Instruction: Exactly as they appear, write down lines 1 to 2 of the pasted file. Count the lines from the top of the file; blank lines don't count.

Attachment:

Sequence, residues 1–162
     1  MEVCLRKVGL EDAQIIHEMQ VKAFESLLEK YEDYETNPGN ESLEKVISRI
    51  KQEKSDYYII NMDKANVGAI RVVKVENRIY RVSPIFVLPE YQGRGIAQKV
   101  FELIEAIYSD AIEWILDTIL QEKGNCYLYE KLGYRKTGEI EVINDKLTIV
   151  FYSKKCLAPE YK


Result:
Sequence, residues 1–162
     1  MEVCLRKVGL EDAQIIHEMQ VKAFESLLEK YEDYETNPGN ESLEKVISRI